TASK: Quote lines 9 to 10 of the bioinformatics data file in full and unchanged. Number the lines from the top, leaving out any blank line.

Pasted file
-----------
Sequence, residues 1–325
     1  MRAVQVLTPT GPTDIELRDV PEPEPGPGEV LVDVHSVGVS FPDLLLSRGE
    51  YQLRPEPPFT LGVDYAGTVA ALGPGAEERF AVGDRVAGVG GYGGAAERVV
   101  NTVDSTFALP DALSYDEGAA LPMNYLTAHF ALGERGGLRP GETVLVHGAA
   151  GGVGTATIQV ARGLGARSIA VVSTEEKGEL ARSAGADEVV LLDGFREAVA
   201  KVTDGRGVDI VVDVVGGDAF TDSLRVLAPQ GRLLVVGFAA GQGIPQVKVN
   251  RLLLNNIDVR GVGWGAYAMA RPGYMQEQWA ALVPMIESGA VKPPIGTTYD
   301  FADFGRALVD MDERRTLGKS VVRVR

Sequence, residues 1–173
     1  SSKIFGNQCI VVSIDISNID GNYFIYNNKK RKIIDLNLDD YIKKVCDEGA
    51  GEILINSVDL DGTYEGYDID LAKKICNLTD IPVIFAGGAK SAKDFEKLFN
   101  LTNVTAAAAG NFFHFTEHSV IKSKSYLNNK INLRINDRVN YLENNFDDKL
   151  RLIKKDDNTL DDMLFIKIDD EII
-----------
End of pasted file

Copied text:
Sequence, residues 1–173
     1  SSKIFGNQCI VVSIDISNID GNYFIYNNKK RKIIDLNLDD YIKKVCDEGA